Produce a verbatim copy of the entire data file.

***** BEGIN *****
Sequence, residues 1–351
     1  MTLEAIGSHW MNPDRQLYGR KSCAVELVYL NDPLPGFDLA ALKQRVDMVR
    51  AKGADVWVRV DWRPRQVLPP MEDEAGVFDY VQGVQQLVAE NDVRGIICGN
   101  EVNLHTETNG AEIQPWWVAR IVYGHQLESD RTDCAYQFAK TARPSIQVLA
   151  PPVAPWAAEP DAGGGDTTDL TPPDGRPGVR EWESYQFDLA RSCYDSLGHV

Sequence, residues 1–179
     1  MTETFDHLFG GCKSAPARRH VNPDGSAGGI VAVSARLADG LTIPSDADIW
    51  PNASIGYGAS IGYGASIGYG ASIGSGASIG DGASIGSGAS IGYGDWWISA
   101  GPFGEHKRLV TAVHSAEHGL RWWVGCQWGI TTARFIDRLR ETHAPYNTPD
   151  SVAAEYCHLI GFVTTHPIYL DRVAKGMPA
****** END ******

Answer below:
Sequence, residues 1–351
     1  MTLEAIGSHW MNPDRQLYGR KSCAVELVYL NDPLPGFDLA ALKQRVDMVR
    51  AKGADVWVRV DWRPRQVLPP MEDEAGVFDY VQGVQQLVAE NDVRGIICGN
   101  EVNLHTETNG AEIQPWWVAR IVYGHQLESD RTDCAYQFAK TARPSIQVLA
   151  PPVAPWAAEP DAGGGDTTDL TPPDGRPGVR EWESYQFDLA RSCYDSLGHV

Sequence, residues 1–179
     1  MTETFDHLFG GCKSAPARRH VNPDGSAGGI VAVSARLADG LTIPSDADIW
    51  PNASIGYGAS IGYGASIGYG ASIGSGASIG DGASIGSGAS IGYGDWWISA
   101  GPFGEHKRLV TAVHSAEHGL RWWVGCQWGI TTARFIDRLR ETHAPYNTPD
   151  SVAAEYCHLI GFVTTHPIYL DRVAKGMPA